Posted by James Briggs on December 03, 2001
In Reply to: Re: Seeing a man about a horse posted by ESC on December 03, 2001
: : Where in the world did this come from - "Seeing a man about a horse" when heading to the restroom?
: Search the archives under "see a man" for more discussion.
: TO SEE A MAN ABOUT A DOG (OR HORSE) - "Although in the late nineteenth century, to 'see a man about a dog' meant to visit a woman for sexual purposes, it now means to go to the bathroom. It is, of course, a traditional answer to the questions Where are you going or What's your destination? The variations on these expressions are endless and include: Go see a dog about a horse, go and see a dog about a man, go and shoot a dog, go and feed a dog, go and feed the goldfish, go and mail a letter and go to one's private office." From the "The Wordsworth Book of Euphemism" by Judith S. Neaman and Carole G. Silver (Wordsworth Editions, Hertfordshire, 1995).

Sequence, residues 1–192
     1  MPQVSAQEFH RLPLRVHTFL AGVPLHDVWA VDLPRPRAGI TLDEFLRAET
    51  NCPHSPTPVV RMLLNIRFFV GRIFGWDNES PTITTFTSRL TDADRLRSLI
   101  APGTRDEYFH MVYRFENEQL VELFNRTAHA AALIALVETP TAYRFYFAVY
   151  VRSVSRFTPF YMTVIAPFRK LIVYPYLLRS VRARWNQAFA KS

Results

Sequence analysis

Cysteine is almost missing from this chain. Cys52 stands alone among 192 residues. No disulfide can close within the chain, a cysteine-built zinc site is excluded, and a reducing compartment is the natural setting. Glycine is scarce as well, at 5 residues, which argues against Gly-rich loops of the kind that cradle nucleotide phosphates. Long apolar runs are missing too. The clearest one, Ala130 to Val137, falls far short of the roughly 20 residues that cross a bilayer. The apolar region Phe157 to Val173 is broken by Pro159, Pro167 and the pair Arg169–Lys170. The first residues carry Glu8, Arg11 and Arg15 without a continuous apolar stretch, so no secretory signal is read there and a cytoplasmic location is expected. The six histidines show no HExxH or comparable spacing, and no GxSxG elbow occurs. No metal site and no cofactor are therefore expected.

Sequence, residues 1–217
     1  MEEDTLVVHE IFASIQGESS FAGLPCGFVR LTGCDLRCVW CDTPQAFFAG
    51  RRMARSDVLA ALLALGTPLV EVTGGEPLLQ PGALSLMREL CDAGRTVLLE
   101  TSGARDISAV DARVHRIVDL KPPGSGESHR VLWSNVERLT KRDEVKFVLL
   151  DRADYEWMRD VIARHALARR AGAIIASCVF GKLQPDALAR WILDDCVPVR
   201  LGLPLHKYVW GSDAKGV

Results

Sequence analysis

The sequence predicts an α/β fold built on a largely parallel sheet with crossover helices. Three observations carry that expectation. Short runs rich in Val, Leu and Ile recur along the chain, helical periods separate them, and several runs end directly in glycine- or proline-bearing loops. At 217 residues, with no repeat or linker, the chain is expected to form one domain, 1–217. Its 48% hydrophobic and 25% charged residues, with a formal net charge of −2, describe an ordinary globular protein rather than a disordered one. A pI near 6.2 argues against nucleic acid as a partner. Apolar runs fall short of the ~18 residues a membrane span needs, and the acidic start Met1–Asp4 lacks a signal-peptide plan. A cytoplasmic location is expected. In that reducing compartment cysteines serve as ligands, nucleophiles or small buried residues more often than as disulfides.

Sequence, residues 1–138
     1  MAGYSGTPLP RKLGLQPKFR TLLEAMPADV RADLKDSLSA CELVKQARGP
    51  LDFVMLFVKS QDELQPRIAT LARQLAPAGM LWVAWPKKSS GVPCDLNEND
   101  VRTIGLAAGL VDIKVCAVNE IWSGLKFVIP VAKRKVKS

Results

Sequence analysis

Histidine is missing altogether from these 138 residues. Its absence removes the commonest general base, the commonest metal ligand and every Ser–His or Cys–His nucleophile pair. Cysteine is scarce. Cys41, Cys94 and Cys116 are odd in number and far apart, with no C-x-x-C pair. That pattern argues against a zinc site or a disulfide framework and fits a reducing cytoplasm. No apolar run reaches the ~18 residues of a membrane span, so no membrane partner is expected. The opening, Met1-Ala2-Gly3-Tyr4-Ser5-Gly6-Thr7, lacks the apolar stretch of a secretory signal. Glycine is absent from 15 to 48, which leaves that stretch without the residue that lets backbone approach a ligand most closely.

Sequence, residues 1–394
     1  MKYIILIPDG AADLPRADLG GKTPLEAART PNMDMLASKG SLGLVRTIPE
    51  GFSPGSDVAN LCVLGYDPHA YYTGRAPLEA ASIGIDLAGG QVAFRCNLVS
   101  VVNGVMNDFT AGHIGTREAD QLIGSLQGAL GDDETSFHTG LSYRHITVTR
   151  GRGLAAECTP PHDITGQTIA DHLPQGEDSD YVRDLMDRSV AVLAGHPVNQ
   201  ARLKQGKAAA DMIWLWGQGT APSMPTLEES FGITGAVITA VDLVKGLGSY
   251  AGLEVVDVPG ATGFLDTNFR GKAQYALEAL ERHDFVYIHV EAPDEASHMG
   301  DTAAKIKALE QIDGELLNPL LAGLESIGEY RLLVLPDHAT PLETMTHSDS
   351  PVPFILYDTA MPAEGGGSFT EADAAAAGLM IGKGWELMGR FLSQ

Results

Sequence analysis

: And on an old blues recording I have, the performer said he had to "go see a man about a horse" and he meant he was going to go do some drugs. A little play on "horse" for heroin.
Here's what I believe I posted before on the 'Dog' theme:
When someone says that they are going to see a man about a dog they really mean that they are unwilling to reveal the true nature of their business. The expression comes from the long forgotten 1866 play Flying Scud in which one of the characters uses the words as an excuse to get away from a tricky situation. This is the only thing that seems to have survived from the play.